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C. D. F. de Souza, H. S. Coutinho, M. M. Costa, M. A. F. M. Magalhães, R. F. Carmo
Article submitted 30 August 2020. Final version accepted 7 September 2020.
COVID-19 has quickly spread across all continents. In Brazil, the disease was confirmed on 26 February 2020, and by 23 August 2020 globally there were 23.2 million cases and 805,000 deaths. Of these, 3.5 million cases and 114,000 deaths have been registered in Brazil, making it one of countries most affected by COVID-19.
Globally, non-pharmacological measures aimed at containing transmission of the virus, slowing the peak of the epidemic curve and reducing the burden on health systems were widely recommended and adopted. Among these measures, social distancing, restricting mobility and changes in the function of health services, although necessary, have a side effect in the fight against other diseases, with TB meriting special attention. TB is an infectious disease caused by Mycobacterium tuberculosis, which in 80% of cases affects the lung. It is estimated that a quarter of the world population is infected with TB, and annually, there are 10 million people diagnosed and 1.5 million deaths. TB is a disease associated in many cases with social and economic vulnerability which can easily be aggravated by COVID-19, constituting a perfect storm. In Brazil, approximately 71,000 TB cases are diagnosed annually and 4,500 deaths occur. For this reason, we wanted to analyse the impact of COVID-19 on the diagnosis of new cases of TB in the state of Bahia, Brazil.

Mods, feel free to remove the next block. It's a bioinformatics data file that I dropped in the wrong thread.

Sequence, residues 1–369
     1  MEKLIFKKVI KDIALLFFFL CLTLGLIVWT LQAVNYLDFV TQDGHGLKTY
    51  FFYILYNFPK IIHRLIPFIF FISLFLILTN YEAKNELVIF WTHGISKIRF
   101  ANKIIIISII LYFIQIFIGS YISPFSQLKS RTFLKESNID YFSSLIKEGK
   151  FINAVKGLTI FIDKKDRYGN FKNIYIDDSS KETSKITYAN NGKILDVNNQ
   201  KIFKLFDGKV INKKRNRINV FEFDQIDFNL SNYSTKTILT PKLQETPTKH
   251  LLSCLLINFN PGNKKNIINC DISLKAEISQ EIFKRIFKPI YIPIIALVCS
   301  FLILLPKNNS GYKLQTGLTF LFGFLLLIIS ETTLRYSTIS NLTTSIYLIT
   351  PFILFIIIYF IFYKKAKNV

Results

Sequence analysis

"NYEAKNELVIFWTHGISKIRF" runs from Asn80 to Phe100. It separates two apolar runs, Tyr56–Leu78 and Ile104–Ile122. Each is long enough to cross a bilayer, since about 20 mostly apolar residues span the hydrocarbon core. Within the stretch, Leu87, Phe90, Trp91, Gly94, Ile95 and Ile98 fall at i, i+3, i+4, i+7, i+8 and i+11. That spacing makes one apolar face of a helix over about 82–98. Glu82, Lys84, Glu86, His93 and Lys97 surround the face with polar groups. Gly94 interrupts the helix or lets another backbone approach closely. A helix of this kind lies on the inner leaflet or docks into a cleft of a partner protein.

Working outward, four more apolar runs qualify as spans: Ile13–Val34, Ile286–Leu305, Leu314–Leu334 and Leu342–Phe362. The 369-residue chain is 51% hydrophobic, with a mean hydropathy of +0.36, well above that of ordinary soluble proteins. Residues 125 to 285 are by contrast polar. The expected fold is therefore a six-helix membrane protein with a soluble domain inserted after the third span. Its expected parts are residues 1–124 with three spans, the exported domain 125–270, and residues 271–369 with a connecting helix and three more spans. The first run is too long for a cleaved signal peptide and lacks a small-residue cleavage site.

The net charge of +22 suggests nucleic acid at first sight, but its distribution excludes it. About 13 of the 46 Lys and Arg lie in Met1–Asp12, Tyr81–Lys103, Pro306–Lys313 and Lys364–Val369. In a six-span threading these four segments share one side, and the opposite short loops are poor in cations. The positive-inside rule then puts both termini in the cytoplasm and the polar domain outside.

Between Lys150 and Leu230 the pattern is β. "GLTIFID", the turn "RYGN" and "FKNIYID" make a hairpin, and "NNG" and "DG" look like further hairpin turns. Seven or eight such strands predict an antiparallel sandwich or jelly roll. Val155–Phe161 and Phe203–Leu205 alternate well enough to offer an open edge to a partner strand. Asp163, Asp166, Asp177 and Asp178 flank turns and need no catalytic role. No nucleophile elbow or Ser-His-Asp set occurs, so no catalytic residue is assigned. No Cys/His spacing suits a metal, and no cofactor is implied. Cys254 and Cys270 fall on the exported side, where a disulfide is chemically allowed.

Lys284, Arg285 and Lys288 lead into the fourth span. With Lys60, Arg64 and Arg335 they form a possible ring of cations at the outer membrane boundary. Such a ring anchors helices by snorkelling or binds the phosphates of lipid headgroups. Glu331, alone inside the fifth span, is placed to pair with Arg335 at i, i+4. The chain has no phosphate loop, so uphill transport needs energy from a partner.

An ecological study was conducted involving all new cases of TB registered in Bahia, Brazil. The state is the fifth largest in the country and has the fourth largest population (15.1 million inhabitants). TB notifications were compared in two time periods: records made between January and July 2019 and records made between January and July 2020. The data were extracted from the Information System for Notifiable Diseases (Sistema de Informação de Agravos de Notificação, SINAN) of the state of Bahia (http://www3.saude.ba.gov.br/cgi/deftohtm.exe?sinan/tube.def). After collection, the municipalities were classified into four categories: 1) those with a reduction in the number of notifications; 2) those with an increase in the number of notifications; 3) those with no recorded notifications over the 2 years; and 4) those with no variation in the number of notifications. The percentage change was also calculated. Thematic maps were created to present the results.
In 2019, the state of Bahia registered 4,911 new cases of TB, of which 57.9% (n = 2,844) were registered between January and July. In 2020, the accumulated number of new cases in these same months declined by 26.4% (n = 2,094). The number of municipalities without notifications went from 101 (24.2%) to 123 (29.5%). In the first 2 months of 2020, before the arrival of COVID-19 in Brazil, there were reductions in the number of case notifications by –11.6% in January and in February by –10.8%. In March, the first confirmed case occurred in Bahia, and there was an increase of 17.8% in the number of notifications. In the following months, there was a sharp decrease in the notification of cases with –49.0% in May and –48.5% in July (see Figure 1 in PDF).